September 1st, 1999

A little over a month ago we first visited the city Fes. Our visit was short enough as it was, but Jim's lung infection cut our quality time even further. While we really hadn't intended to visit Fes again, we found that it was difficult for us to travel directly from Meknes to our next destination Chefchaouen. However, transportation to Chefchaouen is easily obtainable from Fes, and Fes is only an hour's train ride away from Meknes. Since we didn't quite see all we wanted to last time we were there, and since we have the freedom to, we decided to take the Fes option and spend one more evening in that city. Visiting a city a second time can be a joy, as much of the initial awkwardness of getting oriented is now gone.

Dar Batha Museum

The former home of Sultan Hassan I and his playboy son Moulay Abd el-Aziz, the rulers of Morocco when the French came in and seized control, is now a museum of Moroccan crafts and handiwork. Half of the former palace is now open and dedicated to the museum while restoration efforts are underway in the other half that will be dedicated to a library. Much in the museum was nothing new to us, although we found the incense burner from a 19th century mosque (photo on right) to be cool.


One is guided through the Dar Batha museum, and ours -- after looking all around and making sure the curator wasn't to be found -- pulled open a back door and took us through a part of the museum not yet open to the public. There inside we found the really old stuff: top left, a partially complete display of ancient Moroccan tile patterns, some dating back over a thousand years; top right, a set of timbers, carved with Arabic, from a 9th century mosque; and bottom the tombstone from a 14th century sultan's grave.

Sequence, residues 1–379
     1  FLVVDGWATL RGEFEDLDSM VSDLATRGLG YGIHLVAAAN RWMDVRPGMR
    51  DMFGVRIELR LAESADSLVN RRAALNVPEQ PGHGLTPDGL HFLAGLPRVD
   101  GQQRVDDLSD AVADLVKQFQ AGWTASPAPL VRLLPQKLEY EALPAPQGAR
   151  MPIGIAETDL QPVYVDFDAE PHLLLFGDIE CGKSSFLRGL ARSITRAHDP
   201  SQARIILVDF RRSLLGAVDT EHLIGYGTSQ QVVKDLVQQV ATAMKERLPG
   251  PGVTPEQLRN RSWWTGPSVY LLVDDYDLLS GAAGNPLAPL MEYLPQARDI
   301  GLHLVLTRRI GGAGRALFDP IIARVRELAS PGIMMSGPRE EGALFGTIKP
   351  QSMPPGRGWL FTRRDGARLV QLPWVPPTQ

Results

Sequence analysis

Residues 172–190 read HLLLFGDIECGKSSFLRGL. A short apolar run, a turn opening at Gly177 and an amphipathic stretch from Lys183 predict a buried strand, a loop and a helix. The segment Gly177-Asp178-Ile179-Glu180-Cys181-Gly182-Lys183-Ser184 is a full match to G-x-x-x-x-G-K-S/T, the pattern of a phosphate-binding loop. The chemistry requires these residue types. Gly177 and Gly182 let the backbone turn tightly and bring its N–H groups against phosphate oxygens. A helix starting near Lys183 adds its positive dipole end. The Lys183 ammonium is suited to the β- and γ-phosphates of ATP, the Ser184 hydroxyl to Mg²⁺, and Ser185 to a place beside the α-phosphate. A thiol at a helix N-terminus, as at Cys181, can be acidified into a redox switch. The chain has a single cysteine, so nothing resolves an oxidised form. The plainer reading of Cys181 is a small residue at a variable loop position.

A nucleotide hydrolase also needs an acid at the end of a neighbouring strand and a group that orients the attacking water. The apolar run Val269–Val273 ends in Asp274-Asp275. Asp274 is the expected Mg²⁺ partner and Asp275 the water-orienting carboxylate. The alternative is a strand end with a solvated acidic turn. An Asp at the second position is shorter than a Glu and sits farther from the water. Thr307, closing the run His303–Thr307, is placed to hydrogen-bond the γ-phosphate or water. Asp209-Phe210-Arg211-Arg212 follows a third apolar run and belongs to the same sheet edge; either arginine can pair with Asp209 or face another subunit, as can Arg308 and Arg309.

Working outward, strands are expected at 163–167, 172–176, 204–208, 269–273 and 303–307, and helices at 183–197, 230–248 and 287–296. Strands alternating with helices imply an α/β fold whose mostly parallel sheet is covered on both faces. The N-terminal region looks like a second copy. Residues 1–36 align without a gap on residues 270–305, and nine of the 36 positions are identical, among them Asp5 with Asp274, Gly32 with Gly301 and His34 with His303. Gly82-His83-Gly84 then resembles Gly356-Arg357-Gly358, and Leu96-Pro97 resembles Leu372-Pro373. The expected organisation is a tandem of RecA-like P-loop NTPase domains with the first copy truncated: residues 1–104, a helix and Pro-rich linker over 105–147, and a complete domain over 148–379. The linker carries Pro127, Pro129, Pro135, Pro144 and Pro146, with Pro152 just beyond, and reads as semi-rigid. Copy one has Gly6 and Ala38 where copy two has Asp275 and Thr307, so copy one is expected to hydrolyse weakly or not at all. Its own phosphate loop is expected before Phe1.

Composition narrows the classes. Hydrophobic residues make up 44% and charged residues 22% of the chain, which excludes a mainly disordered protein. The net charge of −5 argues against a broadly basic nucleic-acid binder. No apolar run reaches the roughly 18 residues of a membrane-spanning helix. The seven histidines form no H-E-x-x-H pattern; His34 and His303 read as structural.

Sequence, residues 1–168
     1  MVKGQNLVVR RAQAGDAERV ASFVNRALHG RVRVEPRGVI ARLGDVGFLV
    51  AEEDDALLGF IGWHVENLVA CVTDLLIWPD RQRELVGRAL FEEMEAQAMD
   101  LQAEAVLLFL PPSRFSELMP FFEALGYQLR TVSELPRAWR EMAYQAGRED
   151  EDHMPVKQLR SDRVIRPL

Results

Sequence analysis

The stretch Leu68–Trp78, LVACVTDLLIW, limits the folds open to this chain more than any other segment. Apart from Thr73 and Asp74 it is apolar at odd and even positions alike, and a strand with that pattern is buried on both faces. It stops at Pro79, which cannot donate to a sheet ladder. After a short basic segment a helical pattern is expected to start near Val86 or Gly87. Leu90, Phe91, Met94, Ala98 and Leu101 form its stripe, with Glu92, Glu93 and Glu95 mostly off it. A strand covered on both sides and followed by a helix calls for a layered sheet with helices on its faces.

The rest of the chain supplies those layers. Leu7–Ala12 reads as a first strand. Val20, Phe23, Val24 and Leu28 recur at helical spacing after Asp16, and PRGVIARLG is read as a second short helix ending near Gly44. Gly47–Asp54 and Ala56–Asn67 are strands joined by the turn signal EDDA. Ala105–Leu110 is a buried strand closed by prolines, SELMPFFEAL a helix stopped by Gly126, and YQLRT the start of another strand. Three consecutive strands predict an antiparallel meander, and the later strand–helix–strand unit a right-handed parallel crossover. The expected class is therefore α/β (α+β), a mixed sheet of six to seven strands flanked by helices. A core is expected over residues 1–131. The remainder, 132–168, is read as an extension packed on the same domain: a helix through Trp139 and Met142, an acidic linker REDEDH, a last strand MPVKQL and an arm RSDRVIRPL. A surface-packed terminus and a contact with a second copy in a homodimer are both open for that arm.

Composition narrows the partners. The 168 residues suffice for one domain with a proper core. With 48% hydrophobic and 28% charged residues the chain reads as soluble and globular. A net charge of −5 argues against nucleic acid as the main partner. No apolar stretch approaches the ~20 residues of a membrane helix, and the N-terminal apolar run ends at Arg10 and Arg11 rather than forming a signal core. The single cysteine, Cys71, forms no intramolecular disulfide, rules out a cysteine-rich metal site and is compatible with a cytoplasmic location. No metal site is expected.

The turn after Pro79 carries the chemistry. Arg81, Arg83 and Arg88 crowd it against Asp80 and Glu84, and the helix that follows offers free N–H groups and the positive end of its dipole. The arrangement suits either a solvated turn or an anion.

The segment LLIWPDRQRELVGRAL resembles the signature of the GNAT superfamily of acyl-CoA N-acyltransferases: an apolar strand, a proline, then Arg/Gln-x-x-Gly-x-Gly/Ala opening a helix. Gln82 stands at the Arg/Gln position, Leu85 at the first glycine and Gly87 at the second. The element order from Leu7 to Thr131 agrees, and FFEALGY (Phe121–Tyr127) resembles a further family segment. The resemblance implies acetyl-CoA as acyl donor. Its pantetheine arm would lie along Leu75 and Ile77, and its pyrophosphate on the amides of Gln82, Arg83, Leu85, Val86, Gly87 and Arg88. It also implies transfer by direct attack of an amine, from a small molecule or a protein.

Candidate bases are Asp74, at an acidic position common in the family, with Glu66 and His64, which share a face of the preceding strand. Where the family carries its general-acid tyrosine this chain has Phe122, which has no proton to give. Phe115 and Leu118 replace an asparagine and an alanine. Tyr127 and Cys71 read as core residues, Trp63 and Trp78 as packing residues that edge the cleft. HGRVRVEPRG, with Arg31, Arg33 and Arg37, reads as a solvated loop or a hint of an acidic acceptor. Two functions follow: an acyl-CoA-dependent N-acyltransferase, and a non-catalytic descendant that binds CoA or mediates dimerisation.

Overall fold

Taking it all in

The hills around the Fes medina offer an overall perspective that we really wanted to take in on our previous visit. We weren't going to miss it this time, and just before sunset we set out for the Merinid tombs. Perched on a hill opposite the medina, while one can't enter the tombs the surrounding gardens offer a wonderful place to take in the medina in the twilight.

Below is a meatball panorama pieced together from several photos. It shows the medina in full, all 9000 streets, 800 mosques and 250,000 people strong. Click on the photo to get a more detailed image (about 100K in size).

While we were sitting there admiring the medina, three young girls coyly sat next to us and half-pretended not to be interested in us. Their giggling gave them away and we attempted to chat with them. While we're sure one understood some French, they were shy and only talked back in Arabic. We showed them our digital camera and how it worked by taking their picture. One (on the right) responded by running into the gardens and coming back with a rose, which she presented to Kathy. We gave them our card with this web site address, and hope that our three new friends have access to the internet so they can view their picture again.


Good Pizza

The last time we were in Fes we were still new to Morocco and eager to try the local food. A month with dysentery has beaten this desire out of us and we're now open to sampling other kinds of restaurants. Lucky us, as in Fes' Ville Nouvelle is one of the best French style pizza restaurants we've seen in quite a while. Chez Vittoria on Rue Brahim just west of Boulevard Mohammed V served us a simply excellent lunch. It's in all the tour books and gets a double thumbs up from us -- Jim and Kathy say check it out.

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